The room thought to have inspired George Orwell's Room 101 in his bleak novel 1984 has been immortalised by Turner Prize winner Rachel Whiteread.
The artist made a plastercast of Room 101 of the BBC's Broadcasting House, widely believed to have been the office adopted for his torture chamber.
The cast goes on display to the public at London's V&A museum from Friday.
The original office has since been demolished as part of a major redevelopment of the building.
Orwell's torture chamber was thought to have been inspired by his two years working for the BBC during World War II.
In 1984 the mysterious Room 101 is described as "the worst thing in the world".
Although it is popular belief that Broadcasting House inspired his nightmarish vision, others think Room 101 of the BBC's Portland Place building was really the basis because Orwell would have attended meetings there.
Rachel Whiteread won the Turner Prize in 1993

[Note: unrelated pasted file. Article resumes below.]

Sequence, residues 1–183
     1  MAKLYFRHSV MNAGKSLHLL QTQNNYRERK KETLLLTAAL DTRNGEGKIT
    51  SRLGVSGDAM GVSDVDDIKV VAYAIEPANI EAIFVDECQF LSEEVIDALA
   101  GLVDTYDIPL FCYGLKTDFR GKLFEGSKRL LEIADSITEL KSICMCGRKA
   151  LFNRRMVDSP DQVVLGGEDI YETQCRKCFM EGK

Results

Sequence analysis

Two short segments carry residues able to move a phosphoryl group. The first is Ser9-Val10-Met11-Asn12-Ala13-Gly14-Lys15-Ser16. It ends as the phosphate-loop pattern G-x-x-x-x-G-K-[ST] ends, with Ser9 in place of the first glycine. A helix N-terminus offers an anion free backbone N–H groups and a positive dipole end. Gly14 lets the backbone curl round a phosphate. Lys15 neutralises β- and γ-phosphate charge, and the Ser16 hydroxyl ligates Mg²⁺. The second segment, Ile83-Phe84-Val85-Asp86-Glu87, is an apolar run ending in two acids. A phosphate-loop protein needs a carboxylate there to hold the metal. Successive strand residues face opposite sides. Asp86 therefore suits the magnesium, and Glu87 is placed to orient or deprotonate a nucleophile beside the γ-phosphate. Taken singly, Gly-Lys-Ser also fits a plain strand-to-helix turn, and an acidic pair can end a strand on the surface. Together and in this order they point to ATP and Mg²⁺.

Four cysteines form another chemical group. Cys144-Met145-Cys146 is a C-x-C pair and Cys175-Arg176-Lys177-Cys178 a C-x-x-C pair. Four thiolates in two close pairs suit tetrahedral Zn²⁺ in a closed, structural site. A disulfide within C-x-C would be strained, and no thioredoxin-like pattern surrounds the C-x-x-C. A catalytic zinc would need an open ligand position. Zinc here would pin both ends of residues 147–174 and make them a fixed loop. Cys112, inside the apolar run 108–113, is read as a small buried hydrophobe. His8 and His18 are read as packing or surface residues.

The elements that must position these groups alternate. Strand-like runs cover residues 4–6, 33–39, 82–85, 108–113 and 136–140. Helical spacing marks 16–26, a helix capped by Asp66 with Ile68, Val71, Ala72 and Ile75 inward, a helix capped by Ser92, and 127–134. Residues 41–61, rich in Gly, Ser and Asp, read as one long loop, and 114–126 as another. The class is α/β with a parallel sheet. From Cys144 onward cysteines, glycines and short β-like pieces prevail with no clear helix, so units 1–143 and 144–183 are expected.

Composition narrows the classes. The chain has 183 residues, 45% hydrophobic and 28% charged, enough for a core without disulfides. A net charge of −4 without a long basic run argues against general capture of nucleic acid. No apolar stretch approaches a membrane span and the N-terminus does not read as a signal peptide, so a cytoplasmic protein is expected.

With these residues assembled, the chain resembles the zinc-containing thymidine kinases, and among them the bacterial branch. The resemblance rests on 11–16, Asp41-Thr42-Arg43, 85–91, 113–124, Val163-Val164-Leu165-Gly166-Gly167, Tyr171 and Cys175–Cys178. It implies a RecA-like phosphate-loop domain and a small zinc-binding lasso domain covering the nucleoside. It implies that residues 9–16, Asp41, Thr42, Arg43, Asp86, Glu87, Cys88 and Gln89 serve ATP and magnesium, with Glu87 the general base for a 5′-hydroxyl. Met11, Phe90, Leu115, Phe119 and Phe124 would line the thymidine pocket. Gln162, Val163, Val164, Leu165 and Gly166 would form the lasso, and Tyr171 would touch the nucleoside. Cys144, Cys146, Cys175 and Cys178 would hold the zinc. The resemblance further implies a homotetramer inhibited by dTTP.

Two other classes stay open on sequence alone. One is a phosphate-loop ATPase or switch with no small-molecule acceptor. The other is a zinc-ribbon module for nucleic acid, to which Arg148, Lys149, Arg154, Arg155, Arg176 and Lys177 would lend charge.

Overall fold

The project manager of the redevelopment of Broadcasting House, Robert Seatter, believes it was "probably a conflation of ideas that inspired Orwell".
Whiteread's signature has become creating casts of buildings and objects with differing materials including concrete, rubber and resin.
She was commissioned to fill the empty plinth in London's Trafalgar Square, which she did with a water-clear resin cast of the inside of the granite plinth itself.
And her Turner Prize win in 1993 for her work House was a cast of the interior of the last remaining house of a late-19th Century terrace in east London.